Saturday, March 2, 2013

We All Need to Fight for Our Public Schools, Not Abandon Them


Minneapolis Public Schools promises an inspirational education experience in a safe, welcoming environment for all diverse learners to acquire the tools and skills necessary to confidently engage in the global community.
                                                                        -  MPS “Mission and Vision” webpage (emphasis mine)

It is the duty and the function of the district to furnish school facilities to every child of school age residing in any part of the district”
                                                                        - Minnesota statute 123B.02, Subd. 2. 


Minneapolis Public Schools (MPS) must provide an education for EVERY child that comes into its schools.  We continue to have a school board that is not willing to accept this obligation.  At the last Minneapolis School Board meeting on Tuesday, February 26, board members continued to abdicate their responsibility to serve all students.

One of the items on their agenda was a recommendation by the administration to sell a school building that was closed 8 years ago to a property company that would then lease it to a charter school.  There is currently a shortage of classroom space throughout the district, and yet Minneapolis is looking to sell off one of its buildings so a charter school can open in that space.  Why don’t they re-open this building as a district school?

School board members have repeatedly claimed that charter schools could better serve students of color and low-income students.  This is done despite the fact that the majority of charter schools do no better, and often worse than, true public schools.  Charters that are listed as “beating-the-odds" are based scores on standardized tests.  No attention is given to the charter schools’ ability to manipulate its student population such as weeding out students with the greatest challenges, or how they teach to the tests with “drill and kill" curriculum.  Rather than trying to better serve students of color and students from low-income families, the school board simply tells the students to try their luck with charter schools.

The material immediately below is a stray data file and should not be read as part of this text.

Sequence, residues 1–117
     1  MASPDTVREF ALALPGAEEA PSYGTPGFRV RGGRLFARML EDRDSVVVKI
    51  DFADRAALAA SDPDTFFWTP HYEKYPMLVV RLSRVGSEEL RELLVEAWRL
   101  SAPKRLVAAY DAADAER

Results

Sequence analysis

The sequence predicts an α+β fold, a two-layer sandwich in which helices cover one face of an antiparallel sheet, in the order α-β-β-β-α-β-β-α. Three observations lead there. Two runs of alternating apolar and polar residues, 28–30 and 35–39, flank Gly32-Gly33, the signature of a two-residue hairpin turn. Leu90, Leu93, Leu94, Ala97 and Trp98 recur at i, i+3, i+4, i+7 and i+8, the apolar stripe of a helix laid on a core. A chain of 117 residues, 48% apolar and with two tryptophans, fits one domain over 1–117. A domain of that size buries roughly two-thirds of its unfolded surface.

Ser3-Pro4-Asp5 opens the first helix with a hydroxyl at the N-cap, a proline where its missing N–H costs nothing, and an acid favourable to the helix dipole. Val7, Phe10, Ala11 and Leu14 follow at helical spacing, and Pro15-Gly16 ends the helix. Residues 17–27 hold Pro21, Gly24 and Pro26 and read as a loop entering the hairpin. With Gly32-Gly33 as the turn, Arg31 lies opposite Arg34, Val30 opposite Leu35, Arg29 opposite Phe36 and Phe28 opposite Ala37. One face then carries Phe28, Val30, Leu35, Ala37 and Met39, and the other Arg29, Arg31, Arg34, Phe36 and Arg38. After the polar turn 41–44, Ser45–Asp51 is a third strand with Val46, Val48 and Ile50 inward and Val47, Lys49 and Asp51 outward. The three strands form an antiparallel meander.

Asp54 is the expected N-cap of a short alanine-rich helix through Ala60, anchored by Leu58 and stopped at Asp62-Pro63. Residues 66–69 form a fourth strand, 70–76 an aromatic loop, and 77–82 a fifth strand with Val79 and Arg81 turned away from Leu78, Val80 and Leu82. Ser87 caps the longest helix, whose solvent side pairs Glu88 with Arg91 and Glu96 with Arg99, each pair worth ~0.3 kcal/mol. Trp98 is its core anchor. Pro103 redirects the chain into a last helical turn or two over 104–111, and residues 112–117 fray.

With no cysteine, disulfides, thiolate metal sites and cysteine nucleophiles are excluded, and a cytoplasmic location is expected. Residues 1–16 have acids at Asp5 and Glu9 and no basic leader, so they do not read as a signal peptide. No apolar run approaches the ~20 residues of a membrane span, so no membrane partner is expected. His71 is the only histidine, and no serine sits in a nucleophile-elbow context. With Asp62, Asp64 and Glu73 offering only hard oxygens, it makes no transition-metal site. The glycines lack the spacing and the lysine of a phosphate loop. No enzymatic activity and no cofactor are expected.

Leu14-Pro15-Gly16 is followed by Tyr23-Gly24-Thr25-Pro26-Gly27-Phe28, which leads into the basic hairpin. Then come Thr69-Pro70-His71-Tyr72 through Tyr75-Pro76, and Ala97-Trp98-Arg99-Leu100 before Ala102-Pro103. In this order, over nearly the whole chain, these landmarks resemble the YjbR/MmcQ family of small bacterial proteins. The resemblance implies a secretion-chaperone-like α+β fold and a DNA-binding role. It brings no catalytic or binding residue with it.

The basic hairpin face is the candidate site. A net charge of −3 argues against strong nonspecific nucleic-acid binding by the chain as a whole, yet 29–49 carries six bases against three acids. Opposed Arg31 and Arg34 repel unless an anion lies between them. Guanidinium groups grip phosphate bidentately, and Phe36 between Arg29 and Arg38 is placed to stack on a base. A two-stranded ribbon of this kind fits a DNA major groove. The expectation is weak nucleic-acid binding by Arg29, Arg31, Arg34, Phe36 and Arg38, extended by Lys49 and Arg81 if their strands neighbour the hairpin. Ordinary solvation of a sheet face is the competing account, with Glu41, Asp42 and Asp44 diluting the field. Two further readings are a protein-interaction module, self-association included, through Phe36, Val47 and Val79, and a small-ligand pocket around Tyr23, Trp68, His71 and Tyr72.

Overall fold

The Chair of the Minneapolis School Board, Director Monserrate, was notably quiet during the discussion of selling the building to a charter school.  Could it be his conflict of interest?  As Minneapolis parent Ralph Crowder pointed out during the public comment section, Monserrate had served on the board of Hiawatha Leadership Academy.  Hiawatha is the charter school operator planning to lease the Minneapolis Public School building that is for sale.

As if this blatant willingness to privatize the public schools they are responsible for was not bad enough, one of our school board members told parents and students that it might be best if they just left MPS.

Two weeks ago at South High School in Minneapolis, there was a fight at lunch that included as many as 200 – 300 students.  Many students and parents described this as the result of growing tensions between Somali-American and African American students.  Director Samatar said this was about “the leadership of the building, about the leadership of this district, including [him]self as a board member.”

He then said, “I will have no doubt, anytime that I see that the community has not been served...I will tell any [of them], anytime, if they don’t get what they need from the district with respect and decency, to get up and find another site, another school, another district…If you don’t get what you need from the district, you have to make…better choices.”

Why did he not tell them, public schools belong to all students?  Why did he not tell them to fight for their public schools, and that he, as a school board member, would lead that fight?  Instead, he, other school board members, and the Superintendent are quick to tell dissatisfied parents and students, we can't help you.

Public schools must serve all students.  We must do better, but we don't do it by abandoning groups of our students or privatizing our public schools.  If school board members don't share this commitment, they are the ones who need to make "better choices" and resign.

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